Baker to Reassure Japan Over Scandals
Secretary of State James A. Baker III, en route to Tokyo for meetings with embattled Prime Minister Sosuke Uno, said Monday that he will reassure Japan that the sex and bribery scandals that have engulfed the government will not damage U.S.-Japan cooperation.
Talking to reporters on the flight from Washington, Baker said the U.S.-Japan relationship “is strong . . . durable . . . and very, very important, not just to the Pacific but to the world as a whole.”
“It is important that we continue to pay attention to that relationship,” he said. He termed it a “global partnership” between the world’s two largest national economies.
Baker insisted he would ignore the scandals when he meets Uno over dinner tonight because he and other Administration officials are determined to “avoid involving ourselves in the internal politics of the government of Japan.”
A senior U.S. official traveling with Baker said later that “we will deal with the government as it is presented to us.”
Nevertheless, Baker’s attitude seems sure to strengthen Uno’s hand by reassuring the Japanese public that the prime minister’s problems will not bring international humiliation.
Uno, who was named prime minister in May because he seemed to be free of taint from the Recruit Co. influence-peddling scandal that has convulsed the ruling Liberal Democratic Party, was shaken almost at once by reports that he had paid a geisha to be his mistress. Most observers believe his unpopularity has contributed to LDP losses in two local elections, the most recent on Sunday in metropolitan Tokyo.
In addition to confering with Uno, Baker plans to participate in a conference of rich nations called to plan a $10-billion, five-year program of economic aid for the Philippines. The Bush Administration has requested $200 million as Washington’s first-year share, although State Department officials admit that the figure may be cut by Congress, perhaps by as much as $50 million.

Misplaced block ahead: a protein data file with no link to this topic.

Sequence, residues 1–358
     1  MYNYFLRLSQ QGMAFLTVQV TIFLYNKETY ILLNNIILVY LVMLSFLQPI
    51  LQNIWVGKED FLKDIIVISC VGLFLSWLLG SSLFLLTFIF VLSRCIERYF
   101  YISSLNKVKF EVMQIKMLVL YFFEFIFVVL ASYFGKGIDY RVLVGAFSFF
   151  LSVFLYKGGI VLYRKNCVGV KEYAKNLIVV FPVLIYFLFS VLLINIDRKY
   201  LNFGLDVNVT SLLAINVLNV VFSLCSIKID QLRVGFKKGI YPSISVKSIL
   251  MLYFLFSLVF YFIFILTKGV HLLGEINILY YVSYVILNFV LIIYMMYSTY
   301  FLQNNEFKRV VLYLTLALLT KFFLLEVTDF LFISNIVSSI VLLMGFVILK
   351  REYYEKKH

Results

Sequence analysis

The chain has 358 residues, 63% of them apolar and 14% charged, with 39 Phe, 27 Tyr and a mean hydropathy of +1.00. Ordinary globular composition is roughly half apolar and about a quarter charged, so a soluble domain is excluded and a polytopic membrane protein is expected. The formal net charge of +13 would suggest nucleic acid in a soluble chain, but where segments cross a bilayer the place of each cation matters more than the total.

From Tokyo, Baker will go to Brunei for a meeting of the Assn. of Southeast Asian Nations that is expected to be dominated by talk about the future of Cambodia. Vietnam, which invaded Cambodia in 1978 and toppled the Khmer Rouge government, has promised to withdraw its troops by Sept. 30, leaving the government of Premier Hun Sen vulnerable to the rebel coalition that has been fighting it.
Support for Coalition
The United States and the six-nation ASEAN bloc agree that Cambodian parties should form an interim coalition government to conduct elections for a new regime. They also agree that the murderous Khmer Rouge, blamed for the killing of more than 1 million Cambodians when it ruled the nation in the 1970s, should not be allowed to return to total power. But there are growing disagreements within ASEAN and between the association and the United States on the best way to achieve those objectives.
In his airborne press conference, Baker said Washington believes that “it would be preferable” if the Khmer Rouge could be excluded from the interim government. But he said that may be impossible because the brutal Communist faction “represents a very strong force.”
He said Prince Norodom Sihanouk, leader of the non-Communist faction that enjoys the greatest U.S. support, has said that he would rather have the Khmer Rouge represented in the coalition than to risk civil war by leaving it out.
For the past year, the United States and the ASEAN nations have counted on China to restrain the Khmer Rouge. The Beijing government has said it does not want the faction to again dominate Cambodia. China, which has provided the Khmer Rouge with an estimated $80 million worth of weapons annually, is thought to be the only power able to control the faction.
A senior U.S. official traveling with Baker said it is not yet clear whether the new Chinese leadership is willing or able to continue to rein in the Khmer Rouge.
But Baker said there has been no change in U.S. policy toward Cambodia as a result of the Chinese upheaval.
“We have no reason to suspect that their (China’s) position is different than it was before the events of June 3-4,” he said, referring to the massacre of pro-democracy demonstrators last month in Beijing.
Although all six ASEAN states support U.S. humanitarian aid to the non-Communist factions headed by Sihanouk and former Premier Son Sann, there is some disagreement about whether Washington should supply weapons to the non-Communist resistance groups.